David H. Miller, the managing partner of Federal Legislative Associates,
said members of Congress initially were skeptical about his client and
its checkered past.

"What I've said to members is, "That's all bulls---. That's all
extraneous. Let's talk about the facts,' " he recalled, though he
concedes: "What they are trying to do is live down some of their past
mistakes."

Miller, 50, is a former congressional aide who has been a lobbyist for
18 years. He and his firm represent clients such as the American Bankers
Association and American Airlines. He is not, he said, a Scientologist.

"I think they have a very compelling story to tell. But they don't have
the numbers, like Jews, Catholics and Mormons," Miller said, assessing
the religious makeup of Congress.

While it's not uncommon for religious groups or other non-profit
organizations to lobby Congress, the campaign by Scientology is another
step in its effort to win legitimacy by currying favor with political
leaders around the country.

For instance, assorted governors and mayors have issued proclamations
favorable to Scientology. Actor John Travolta presented Scientology
educational materials at a volunteerism summit attended by Clinton last
year and said the president offered to help him in fighting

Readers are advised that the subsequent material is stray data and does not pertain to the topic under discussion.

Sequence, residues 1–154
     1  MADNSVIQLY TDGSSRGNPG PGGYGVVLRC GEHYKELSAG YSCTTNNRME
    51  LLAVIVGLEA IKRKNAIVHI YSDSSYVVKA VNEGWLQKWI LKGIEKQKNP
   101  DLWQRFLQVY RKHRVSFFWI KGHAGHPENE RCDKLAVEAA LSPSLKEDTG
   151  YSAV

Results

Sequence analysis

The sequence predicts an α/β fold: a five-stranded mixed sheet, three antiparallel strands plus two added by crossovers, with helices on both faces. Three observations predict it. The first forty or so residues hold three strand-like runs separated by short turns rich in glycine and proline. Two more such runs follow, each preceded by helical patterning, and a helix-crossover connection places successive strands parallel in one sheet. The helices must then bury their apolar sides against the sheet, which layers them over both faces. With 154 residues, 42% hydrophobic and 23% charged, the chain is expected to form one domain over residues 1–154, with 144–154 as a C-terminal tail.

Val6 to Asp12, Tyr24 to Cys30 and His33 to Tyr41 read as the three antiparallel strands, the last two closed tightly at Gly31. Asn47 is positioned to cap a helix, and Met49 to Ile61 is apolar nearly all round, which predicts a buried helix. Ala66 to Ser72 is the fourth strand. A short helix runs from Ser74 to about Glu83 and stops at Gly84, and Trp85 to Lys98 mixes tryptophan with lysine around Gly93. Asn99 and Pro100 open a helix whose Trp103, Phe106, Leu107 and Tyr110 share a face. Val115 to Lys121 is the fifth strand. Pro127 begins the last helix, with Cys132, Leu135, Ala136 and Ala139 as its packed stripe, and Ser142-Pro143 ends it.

discrimination in Germany.

In an interview with George magazine, Travolta, a Scientologist,
recalled that the president told him: "I'd really love to help you with
your issue over in Germany with Scientology."

That account led to speculation in Washington that Travolta went easy on
the president by softening his portrayal of a Clinton-like southern
governor in the recently released movie, Primary Colors. Travolta denies
it.

The German dispute Clinton, though, knew what Travolta cared about.
Scientology's dispute with the German government is the group's highest
priority in Washington these days. Church members complain the German
government has fostered discrimination that has gone as far as placing
Scientologists under surveillance.

Miller, the lobbyist, said he has gradually tried to build a foundation
of support that gives Scientologists' claims of discrimination credence
in Washington. The biggest victory in that regard has come from the U.S.
State Department, which criticized the German government for its
treatment of Scientologists in its annual human-rights report.

The group also won support from some members of Congress, according to
letters made available by the Church of Scientology. Then-U.S. Rep.
Carlos Moorhead, R-Calif., complained about Scientology's treatment in a
letter to the German Embassy in 1996. So did Sen. Barbara Boxer,
D-Calif., in a letter to Secretary of State Madeleine Albright last
year. Three members of the U.S. House complained to National Security
Adviser Samuel Berger that the German government was placing members of
Scientology under observation.

"Placing individuals under government surveillance because of their
religious beliefs is a clear human-rights violation," wrote Reps. Ed